Le silence de la Mer: In a small town in occupied France in 1941, the German officer, Werner Von Ebrennac is billeted in the house of the uncle and his niece. The uncle and niece refuse to speak to him, but each evening the officer warms himself by the fire and talks of his country, his music, and his idealistic views of the relationship between France and Germany. That is, until he visits Paris and discovers what is really going on ........ France 1942. Jean Pierre Grumbach alias Melville is away in London with General de Gaulle. France is occupied by the German nazi swastika. Jean Bruller, actually an illustrator, writes a novel LE SILENCE DE LA MERE, which is published by the underground Edition de Minuit. Bruller calls himself Vercors. On Feb. 22, 1942 the book is ready to be issued and distributed in Paris by messengers on bicycles.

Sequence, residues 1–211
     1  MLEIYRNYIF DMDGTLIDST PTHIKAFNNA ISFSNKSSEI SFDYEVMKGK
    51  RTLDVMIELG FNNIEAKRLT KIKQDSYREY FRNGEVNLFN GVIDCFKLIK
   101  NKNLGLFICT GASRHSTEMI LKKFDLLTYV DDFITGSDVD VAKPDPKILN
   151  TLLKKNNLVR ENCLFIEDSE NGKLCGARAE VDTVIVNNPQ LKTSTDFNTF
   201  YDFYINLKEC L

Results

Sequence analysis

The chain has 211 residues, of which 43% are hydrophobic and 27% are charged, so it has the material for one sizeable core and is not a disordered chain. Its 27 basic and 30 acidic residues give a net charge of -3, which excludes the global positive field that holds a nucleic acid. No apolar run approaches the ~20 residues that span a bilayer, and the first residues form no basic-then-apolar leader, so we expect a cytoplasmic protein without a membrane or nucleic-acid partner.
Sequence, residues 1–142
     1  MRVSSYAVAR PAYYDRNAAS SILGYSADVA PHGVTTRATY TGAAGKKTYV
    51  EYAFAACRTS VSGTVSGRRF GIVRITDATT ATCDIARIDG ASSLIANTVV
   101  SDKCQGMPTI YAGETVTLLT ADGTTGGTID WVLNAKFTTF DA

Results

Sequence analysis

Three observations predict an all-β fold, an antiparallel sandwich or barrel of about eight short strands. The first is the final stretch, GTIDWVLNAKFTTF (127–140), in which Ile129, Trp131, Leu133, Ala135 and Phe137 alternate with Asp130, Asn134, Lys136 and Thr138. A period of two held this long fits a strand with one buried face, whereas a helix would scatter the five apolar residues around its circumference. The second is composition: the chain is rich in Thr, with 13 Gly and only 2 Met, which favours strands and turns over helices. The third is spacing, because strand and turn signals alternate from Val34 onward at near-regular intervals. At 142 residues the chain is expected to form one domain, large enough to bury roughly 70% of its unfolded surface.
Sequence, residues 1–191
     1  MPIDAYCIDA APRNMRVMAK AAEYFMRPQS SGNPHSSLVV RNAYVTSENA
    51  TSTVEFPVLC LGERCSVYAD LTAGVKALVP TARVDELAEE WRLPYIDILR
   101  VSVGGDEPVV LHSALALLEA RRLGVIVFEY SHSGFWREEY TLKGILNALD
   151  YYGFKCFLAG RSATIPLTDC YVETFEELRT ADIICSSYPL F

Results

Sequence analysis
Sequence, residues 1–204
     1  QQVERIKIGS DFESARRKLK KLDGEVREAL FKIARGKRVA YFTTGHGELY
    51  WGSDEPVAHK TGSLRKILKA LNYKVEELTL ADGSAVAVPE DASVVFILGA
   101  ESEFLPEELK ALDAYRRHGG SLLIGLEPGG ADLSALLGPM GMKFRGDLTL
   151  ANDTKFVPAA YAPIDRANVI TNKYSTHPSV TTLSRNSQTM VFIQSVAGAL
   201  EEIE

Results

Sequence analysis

Melville first read the novel in English. He reports, that he was absolutely determined, that it would be his first film. He returned to France and negotiates with Vercors to buy the rights for his resistance novel. Vercors refused to let Melville have it. The book had virtually served as a Bible during the war and had become part of the French national heritage. Finally Vercors and Melville make a deal: The future famous director guarantees to submit the film as soon as it was finished to a jury of resistant selected by Vercors. Should one single member of this Jury be opposed to the film being shown, Melville promised to burn the negative.